The Line / Children’s Labyrinth | Saul Steinberg, 1954

 The hallmark of Saul Steinberg’s art is the inked line, always drawn with a spare elegance that expresses the semiotic richness of the line itself. As it shifts meaning from one passage to the next, Steinberg’s line comments on its own transformative nature.

The Line, the original a 10-meter-long drawing with 29 panels that unfold, accordion fashion, is Steinberg’s manifesto about the conceptual possibilities of the line and the artist who gives them life. His drawing hand begins and ends the sequence, as the simple horizontal line that hand creates metamorphoses into, among other things, a water line, laundry line, railroad track, sidewalk, arithmetic division line, or table edge; near the end, the curlicues etched by the iceskater’s blade remind us of the role calligraphy plays in Steinberg’s art.

Saul Steinberg, The Line, 1954. Ink on paper, 18 x 404, The Saul Steinberg Foundation, New York

The Line was designed for the Children’s Labyrinth, a spiraling, trefoil wall structure at 10th Triennial of Milan, a design and architecture fair that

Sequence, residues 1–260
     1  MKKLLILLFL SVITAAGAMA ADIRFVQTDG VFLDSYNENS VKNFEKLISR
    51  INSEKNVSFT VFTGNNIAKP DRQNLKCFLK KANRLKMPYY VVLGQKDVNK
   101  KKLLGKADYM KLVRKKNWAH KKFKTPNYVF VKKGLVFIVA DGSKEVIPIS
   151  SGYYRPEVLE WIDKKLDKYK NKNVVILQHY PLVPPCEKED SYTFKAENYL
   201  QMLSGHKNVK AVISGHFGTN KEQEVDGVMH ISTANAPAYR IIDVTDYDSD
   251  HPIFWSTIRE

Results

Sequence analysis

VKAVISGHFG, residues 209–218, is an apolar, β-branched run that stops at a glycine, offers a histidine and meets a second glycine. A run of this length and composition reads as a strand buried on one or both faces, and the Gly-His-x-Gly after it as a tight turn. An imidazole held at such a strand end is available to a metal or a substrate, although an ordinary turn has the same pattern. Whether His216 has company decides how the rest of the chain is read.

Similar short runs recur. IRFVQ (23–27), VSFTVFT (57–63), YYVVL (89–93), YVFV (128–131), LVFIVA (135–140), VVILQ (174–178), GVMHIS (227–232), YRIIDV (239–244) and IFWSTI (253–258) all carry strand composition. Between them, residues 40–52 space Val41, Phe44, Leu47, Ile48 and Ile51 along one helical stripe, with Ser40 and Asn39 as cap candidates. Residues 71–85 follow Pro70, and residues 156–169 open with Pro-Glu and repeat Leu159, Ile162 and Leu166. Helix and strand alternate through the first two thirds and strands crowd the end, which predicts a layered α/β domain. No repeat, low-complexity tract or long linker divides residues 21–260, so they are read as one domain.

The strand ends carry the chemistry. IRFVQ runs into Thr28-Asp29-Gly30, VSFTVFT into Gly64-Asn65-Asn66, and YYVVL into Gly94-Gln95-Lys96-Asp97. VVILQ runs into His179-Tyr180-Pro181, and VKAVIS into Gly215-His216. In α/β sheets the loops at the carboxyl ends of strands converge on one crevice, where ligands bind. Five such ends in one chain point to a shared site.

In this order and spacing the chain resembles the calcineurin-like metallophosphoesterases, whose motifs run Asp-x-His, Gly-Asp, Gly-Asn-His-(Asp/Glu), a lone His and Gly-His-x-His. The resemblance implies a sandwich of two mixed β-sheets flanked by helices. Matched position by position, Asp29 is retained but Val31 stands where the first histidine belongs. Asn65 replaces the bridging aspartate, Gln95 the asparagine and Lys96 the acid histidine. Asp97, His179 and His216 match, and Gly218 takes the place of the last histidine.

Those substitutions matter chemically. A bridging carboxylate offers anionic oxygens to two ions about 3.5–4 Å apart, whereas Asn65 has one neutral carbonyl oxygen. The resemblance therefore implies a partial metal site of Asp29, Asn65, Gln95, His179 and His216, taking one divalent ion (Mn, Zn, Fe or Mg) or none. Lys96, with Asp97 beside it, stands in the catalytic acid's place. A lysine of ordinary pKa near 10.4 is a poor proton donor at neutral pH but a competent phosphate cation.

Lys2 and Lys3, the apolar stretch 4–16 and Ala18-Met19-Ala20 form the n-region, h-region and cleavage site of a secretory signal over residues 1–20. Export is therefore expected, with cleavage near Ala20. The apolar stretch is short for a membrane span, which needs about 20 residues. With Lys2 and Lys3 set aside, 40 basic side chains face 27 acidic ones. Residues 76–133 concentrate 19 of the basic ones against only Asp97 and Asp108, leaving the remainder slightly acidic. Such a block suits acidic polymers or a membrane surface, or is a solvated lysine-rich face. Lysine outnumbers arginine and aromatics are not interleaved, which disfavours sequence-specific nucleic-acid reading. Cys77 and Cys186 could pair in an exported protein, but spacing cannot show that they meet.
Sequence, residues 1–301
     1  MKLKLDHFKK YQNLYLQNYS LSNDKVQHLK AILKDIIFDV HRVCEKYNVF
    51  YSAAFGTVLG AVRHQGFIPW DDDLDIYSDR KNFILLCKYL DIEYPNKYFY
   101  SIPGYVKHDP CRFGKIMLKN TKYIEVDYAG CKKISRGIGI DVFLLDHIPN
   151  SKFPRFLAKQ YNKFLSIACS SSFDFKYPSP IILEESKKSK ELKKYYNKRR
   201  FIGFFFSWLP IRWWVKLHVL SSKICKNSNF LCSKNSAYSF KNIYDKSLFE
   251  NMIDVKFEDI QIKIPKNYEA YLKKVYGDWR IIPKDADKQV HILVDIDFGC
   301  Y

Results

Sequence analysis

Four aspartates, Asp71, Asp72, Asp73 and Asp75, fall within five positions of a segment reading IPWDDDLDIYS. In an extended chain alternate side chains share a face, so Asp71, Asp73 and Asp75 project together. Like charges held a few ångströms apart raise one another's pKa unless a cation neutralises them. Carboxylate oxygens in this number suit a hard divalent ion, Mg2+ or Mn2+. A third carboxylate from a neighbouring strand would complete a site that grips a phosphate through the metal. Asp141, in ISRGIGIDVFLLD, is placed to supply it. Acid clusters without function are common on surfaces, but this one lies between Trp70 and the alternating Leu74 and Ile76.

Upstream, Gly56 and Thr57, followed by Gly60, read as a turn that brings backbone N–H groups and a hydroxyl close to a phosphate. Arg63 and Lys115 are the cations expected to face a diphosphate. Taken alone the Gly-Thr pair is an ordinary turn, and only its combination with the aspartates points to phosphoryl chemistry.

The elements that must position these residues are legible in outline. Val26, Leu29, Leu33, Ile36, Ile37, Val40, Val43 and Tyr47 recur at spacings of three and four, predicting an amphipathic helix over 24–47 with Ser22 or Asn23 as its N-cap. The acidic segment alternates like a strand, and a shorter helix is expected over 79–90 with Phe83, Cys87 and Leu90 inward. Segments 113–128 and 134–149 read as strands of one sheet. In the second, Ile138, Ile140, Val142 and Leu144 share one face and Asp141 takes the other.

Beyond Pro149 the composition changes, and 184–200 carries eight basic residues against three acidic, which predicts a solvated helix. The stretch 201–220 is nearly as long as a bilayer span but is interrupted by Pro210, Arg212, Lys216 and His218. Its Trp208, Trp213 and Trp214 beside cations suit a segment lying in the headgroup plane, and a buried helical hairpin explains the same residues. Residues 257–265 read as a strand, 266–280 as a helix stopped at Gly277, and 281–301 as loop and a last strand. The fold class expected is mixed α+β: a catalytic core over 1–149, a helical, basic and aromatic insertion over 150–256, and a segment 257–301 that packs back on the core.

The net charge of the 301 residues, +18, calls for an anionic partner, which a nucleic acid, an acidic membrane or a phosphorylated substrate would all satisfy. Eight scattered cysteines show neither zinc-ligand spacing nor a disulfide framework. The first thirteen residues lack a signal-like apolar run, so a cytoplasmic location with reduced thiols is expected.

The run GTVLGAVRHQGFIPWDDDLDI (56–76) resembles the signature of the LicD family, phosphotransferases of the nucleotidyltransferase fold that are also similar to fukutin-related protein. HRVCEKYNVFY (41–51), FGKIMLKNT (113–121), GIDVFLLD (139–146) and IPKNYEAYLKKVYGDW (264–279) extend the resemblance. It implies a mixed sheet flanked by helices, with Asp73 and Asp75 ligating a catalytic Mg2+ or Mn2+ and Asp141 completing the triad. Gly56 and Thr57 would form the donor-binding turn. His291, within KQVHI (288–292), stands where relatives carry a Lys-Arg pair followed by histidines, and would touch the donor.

opened in August 1954. The drawing, photographically enlarged and incised into the wall, was one of four Steinberg conceptions used on the labyrinth.(.)

The Children’s Labyrinth, a spiraling, trefoil wall structure at 10th Triennial of Milan, 1954

The Children’s Labyrinth, Milan, 1954

Saul Steinberg, The Line, 1954



Anonymous said...


La volonté attend sans cesse
Un désir sans trouver.
Le cran d’arrêt passionne l’absence
de gaudriole.
Une cicatrice vers la nuit
profane la réflexion
II n’y a que détachement
On me fait souffrir
parce que je sais l’indifférence
Banalités embarquées sans cesse
sur elles-mêmes.
Les horizons attirent les yeux
de nos sentiments.

Francis Picabia


Anonymous said...

Our heads are round so our thoughts can change direction.

Francis Picabia


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